In addition to the usual hazards of work under capitalism, the biggest killer of working class people by far is the ongoing COVID-19 pandemic. The Independent Socialist Group pointed to the obvious danger in countless articles, including our statement on International Workers Day in 2020 published in the first year of the pandemic. Reopening workplaces after the initial shutdown has been one of the primary ways the disease has spread. On Tuesday, headlines came out with the latest data on COVID-19 deaths: over 800,000 dead in the US just two years after the first cases were spotted in China. Death tolls are double what they were during the initial vaccine rollout. Twice as many Americans have died from two years of the COVID-19 pandemic as were killed in four years of World War II. Existing vaccination efforts are hampered by for-profit healthcare policies. Patent law limits vaccine production and affordability, and for-profit sales encourage vaccine apartheid, where expensive doses are sold to countries that can afford them, and poorer countries are left behind.
We face a massive spike in infections due to the Omicron variant, yet the Biden White House, elected on the empty “pro-science” line, refuses to endanger corporate profits by calling another shutdown despite the obvious danger. The pandemic continues because of a completely inadequate, privatized approach to fighting the pandemic. Under both administrations, the government funneled billions of taxpayer dollars to private corporations for research and development of vaccines and treatments. To effectively fight another Covid surge, the Biden Administration needs to shut down non-essential workplaces while guaranteeing workers’ incomes and provide affordable treatment for Covid, at the point of care, guarantee paid sick leave, mass-produce affordable personal protective equipment (PPE), and seriously distribute vaccine doses around the world. Instead, the Biden Administration tries to lay the blame on individual workers who are reluctant to get vaccinated.
The working class of the US faces a capitalist system where we’re ordered to work through pandemic and environmental disasters. Forced overtime, work hazards, and low quality, expensive healthcare destroy our lives and livelihoods, at the same time. Corporate profits are at a record high. Tax evasion by millionaires and billionaires is rampant, all while housing and other essentials are more expensive than ever. In 2019, the same year capitalists only paid an average of $12,000 for killing a worker, the average value added to the economy by one hour of our work surpassed $70. As long as they get enough hours of work out of you before you die, it’s still a profit. This is the gruesome math of capitalist exploitation.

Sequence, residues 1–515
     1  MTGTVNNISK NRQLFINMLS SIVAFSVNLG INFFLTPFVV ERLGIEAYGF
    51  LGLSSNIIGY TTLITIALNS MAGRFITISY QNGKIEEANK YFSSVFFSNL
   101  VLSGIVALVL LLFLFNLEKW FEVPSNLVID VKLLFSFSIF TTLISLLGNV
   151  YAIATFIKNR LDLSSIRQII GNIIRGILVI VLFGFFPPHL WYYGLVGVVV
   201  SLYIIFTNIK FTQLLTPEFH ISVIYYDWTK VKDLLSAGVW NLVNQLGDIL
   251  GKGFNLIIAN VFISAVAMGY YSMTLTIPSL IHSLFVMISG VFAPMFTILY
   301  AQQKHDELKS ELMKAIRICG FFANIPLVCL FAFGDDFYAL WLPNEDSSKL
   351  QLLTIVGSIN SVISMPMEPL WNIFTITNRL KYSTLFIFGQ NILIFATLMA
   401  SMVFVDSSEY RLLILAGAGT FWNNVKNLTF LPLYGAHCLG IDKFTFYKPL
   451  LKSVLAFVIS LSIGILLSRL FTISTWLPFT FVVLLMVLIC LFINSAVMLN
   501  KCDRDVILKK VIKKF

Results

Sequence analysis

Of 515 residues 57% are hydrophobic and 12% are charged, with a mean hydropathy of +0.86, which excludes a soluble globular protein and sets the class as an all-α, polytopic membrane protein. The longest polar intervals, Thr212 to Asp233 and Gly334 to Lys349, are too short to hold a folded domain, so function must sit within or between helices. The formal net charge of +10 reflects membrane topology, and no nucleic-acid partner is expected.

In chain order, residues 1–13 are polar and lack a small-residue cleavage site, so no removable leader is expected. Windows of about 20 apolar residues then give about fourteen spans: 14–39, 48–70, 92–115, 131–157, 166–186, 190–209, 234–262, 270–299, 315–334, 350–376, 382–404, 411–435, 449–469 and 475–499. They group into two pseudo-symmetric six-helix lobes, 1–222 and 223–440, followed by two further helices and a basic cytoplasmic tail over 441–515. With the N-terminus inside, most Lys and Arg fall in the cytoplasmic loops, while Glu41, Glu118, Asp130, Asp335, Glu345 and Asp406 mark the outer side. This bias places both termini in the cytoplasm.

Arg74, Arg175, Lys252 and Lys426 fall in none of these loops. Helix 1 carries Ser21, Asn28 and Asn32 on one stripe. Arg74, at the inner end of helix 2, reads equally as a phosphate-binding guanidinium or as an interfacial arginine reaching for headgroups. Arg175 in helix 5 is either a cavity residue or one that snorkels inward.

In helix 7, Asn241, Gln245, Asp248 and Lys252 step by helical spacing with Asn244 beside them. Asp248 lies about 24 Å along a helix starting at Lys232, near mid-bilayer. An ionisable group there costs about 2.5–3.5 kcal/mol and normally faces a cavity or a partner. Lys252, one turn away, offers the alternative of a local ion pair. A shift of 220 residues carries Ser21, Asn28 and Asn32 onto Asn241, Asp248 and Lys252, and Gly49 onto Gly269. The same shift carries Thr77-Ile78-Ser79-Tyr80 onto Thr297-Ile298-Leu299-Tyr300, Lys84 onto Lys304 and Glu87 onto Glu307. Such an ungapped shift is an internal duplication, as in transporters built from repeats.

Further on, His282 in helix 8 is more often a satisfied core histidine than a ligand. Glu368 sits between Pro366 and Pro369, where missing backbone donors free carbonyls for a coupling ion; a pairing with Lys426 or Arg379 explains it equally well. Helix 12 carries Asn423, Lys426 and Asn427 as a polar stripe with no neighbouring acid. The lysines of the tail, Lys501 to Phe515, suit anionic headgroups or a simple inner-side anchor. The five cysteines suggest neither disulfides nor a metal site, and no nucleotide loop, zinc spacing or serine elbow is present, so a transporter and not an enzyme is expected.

- Open criminal investigations into the workplace deaths that occurred in Kentucky and Illinois, including going beyond local management. Open investigations into all cases of workplace fatality, injury, violence, and disease, starting with 2021 incidents. Elect committees of working class people to direct these investigations.
- Full, lifelong compensation for the families of those killed or disabled, at the expense of the companies that harmed them.
- Fully fund disaster preparedness and relief efforts throughout the U.S. Institute a federal jobs program to repair and replace crumbling infrastructure and build new disaster and climate-preparedness systems.
- Immediate creation of safety committees in all workplaces, elected by rank and file workers, not appointed by management. These committees must have every power available to them, including the ability to shut down a workplace indefinitely until concerns are addressed.
- Massively expand and fully fund OSHA. Bring federal and state-level agencies under the control of democratically-elected committees of working class people.
- Take back our unions! Build rank and file reform groups in all unions with the goal of electing working class fighters to local, state, and national leadership bodies. Unions should organize on a program to massively expand new workplace organizing and aggressively fight for improved safety and healthy working conditions, using every tool available, including strikes.
- People over profits. Build a mass workers’ party with a socialist program to challenge the corporate politics of Republican and Democratic Parties. The working class needs real action, not just words!
Fight for socialism! Take key industries into public ownership. Remove the deadly profit motive of capitalism and replace it with a democratically determined plan of production and distribution to fulfill society’s needs.